Investors should Never Loan Money to Their Financial Advisor!

Chicago-based Stoltmann Law Offices has represented investors who’ve suffered losses from dealing with broker-advisors who’ve obtained loans from their clients. When a broker asks a client for a loan, it almost always leads to trouble for the customer. Under securities laws, they are not permitted to do this, except under special conditions. The reasons are quite clear: They are supposed to propose suitable investments and prudently manage their money. Obtaining a direct loan is a conflict of interest that usually leads to chicanery.

Philip Anthony Simone, a former broker with AXA Advisors who worked with the firm from 2017-2019, borrowed a total of $133,000 from two clients. That violated three rules of FINRA, the main U.S. securities regulator, that prohibits brokers from obtaining loans from customers, who were elderly.

The AXA broker then “created and submitted falsified firm account statements and supporting documents to a third-party bank in support of a mortgage application,” FINRA stated. Simone was fined $12,500 and suspended from the securities industry for 11 months, beginning in November, 2020.

According to FINRA, Simone received loans totaling $43,000 from the first customer, and loans totaling $90,000 from the second customer. Neither client were immediate members of his family and were both approximately 71 years old (when the loans were obtained). The loans, however, weren’t documented in writing, although Simone promised the customer the borrowed funds would repaid in full at 12% interest, within one year.

Simone’s loans from the second customer were in the form of two promissory notes, which provided that the loan would be repaid in full, with 15% interest, within 120 days. Simone repaid the second customer, plus interest, and repaid the first customer approximately $8,000. He also falsely stated that he had not borrowed funds from a client and made a false statement to the first customer in order to obtain additional time to repay the loans.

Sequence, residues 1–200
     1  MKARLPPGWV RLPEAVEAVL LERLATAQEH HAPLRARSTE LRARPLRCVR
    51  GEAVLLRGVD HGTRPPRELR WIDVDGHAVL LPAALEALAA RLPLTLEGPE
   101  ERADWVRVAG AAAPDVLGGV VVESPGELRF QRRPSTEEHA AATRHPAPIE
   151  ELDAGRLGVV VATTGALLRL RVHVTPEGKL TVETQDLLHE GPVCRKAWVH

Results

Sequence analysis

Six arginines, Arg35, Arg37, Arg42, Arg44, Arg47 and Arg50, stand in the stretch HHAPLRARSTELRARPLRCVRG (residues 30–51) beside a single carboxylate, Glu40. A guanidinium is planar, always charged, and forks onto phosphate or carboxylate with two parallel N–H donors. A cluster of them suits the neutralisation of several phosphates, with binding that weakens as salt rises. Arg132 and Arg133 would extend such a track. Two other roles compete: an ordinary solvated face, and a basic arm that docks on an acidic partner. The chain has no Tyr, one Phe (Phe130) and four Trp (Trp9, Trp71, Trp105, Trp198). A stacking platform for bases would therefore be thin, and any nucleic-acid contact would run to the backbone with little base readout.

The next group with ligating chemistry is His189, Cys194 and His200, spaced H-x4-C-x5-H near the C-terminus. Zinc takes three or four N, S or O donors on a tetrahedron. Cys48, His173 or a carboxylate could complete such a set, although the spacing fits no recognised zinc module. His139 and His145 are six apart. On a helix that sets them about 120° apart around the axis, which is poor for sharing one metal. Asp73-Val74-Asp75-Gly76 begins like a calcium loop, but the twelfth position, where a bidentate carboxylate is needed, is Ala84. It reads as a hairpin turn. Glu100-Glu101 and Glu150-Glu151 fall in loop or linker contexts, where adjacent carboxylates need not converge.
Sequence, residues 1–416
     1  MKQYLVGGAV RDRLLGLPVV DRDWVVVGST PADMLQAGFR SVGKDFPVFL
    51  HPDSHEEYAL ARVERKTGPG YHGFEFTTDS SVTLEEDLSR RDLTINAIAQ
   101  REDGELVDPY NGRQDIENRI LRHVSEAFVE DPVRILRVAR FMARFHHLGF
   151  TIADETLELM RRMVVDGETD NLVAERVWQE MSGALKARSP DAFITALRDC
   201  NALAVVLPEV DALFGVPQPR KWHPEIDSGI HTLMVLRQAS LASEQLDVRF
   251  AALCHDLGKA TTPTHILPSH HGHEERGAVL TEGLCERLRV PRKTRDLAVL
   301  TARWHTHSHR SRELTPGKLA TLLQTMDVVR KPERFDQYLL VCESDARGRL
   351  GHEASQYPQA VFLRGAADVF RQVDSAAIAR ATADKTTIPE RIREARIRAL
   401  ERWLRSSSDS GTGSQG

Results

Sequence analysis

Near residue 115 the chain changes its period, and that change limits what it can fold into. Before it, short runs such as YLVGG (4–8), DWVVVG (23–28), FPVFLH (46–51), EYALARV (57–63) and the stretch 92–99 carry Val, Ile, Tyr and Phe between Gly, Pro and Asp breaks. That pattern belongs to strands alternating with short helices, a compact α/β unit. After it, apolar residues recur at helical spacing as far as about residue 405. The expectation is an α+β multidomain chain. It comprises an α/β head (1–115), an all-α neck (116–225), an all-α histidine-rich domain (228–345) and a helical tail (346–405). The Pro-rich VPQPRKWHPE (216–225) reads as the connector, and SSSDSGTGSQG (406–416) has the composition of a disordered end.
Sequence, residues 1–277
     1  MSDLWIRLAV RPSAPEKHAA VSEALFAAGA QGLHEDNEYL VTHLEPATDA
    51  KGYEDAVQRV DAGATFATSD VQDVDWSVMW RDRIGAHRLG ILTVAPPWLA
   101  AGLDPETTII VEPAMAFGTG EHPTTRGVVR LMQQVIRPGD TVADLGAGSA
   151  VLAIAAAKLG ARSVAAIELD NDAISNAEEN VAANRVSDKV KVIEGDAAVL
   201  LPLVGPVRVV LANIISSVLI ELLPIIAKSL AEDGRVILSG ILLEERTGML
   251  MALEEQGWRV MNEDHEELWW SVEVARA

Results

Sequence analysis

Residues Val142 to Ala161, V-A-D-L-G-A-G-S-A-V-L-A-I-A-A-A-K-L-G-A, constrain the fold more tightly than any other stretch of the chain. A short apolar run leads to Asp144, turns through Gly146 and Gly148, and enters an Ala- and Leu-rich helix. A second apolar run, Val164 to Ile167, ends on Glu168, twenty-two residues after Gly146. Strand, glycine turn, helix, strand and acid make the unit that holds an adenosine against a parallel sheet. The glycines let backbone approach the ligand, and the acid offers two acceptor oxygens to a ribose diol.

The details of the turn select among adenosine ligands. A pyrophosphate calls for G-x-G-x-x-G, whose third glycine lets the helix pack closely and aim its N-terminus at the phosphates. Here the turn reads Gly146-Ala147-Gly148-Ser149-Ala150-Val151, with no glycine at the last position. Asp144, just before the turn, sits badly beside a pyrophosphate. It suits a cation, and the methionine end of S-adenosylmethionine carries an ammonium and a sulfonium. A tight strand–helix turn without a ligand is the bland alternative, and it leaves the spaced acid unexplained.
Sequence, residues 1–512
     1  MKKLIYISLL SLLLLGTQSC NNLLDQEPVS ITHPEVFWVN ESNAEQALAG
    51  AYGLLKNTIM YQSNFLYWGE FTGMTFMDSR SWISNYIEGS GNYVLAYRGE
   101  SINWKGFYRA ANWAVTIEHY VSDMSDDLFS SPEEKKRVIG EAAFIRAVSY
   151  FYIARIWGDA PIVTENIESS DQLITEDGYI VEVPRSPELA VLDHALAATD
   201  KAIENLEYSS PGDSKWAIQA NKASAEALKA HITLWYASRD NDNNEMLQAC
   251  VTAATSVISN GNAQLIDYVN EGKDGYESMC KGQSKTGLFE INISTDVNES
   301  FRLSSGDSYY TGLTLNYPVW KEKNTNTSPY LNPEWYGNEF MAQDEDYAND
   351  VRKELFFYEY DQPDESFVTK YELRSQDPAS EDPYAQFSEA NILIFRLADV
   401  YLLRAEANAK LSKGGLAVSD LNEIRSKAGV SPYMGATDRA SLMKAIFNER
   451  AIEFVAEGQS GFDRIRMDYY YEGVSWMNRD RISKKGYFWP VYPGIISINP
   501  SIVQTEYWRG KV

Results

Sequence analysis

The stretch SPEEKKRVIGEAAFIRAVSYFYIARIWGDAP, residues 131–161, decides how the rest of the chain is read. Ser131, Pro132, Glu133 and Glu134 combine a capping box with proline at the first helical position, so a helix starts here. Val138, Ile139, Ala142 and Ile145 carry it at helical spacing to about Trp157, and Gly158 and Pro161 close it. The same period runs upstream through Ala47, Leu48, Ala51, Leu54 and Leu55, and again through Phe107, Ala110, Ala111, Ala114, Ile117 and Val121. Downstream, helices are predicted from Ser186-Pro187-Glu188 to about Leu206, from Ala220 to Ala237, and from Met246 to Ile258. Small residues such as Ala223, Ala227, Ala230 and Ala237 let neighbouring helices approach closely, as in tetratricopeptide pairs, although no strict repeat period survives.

In addition, Simone did not disclose or seek prior approval from AXA for the loans, FINRA noted, “even though he knew the firm’s rules prohibited him from borrowing funds from his firm’s customers.” FINRA Rule 3240(a) prohibits registered representatives from borrowing from or lending money to his or her customer unless (1) their member firm employer has written procedures that permit the borrowing and lending of money between registered representatives and customers, and (2) the borrowing or lending arrangement meets at least one of five circumstances specified in the rule. Even if these requirements are satisfied, FINRA Rule 3240(b) requires registered representatives to seek and obtain prior written approval from their member firm employer, unless the firm’s procedures provide otherwise.

Have you invested with broker-advisors who have borrowed money from you, invested in high-risk investments or not honestly reported their performance? FINRA and the SEC have strict rules on disclosing risk profiles on all investments sold by brokers and investment advisers. If they fail to fully inform you of downside risk, you may have a case in arbitration. Firms are also legally required by FINRA to monitor and supervise what their brokers are selling – their investments must be vetted and authorized by the firms – and have an obligation to investors to fully reveal true risk and return information about the vehicles sold. Investors can file FINRA arbitration complaints if these rules are broken.

If you invested with a broker-advisor and lost money as a result, you may have a claim to pursue through FINRA Arbitration. Please contact Stoltmann Law Offices, P.C. at 312-332-4200 for a free, no obligation consultation with a securities attorney. Stoltmann Law Offices is a contingency fee law firm which means we do not get paid until you do!

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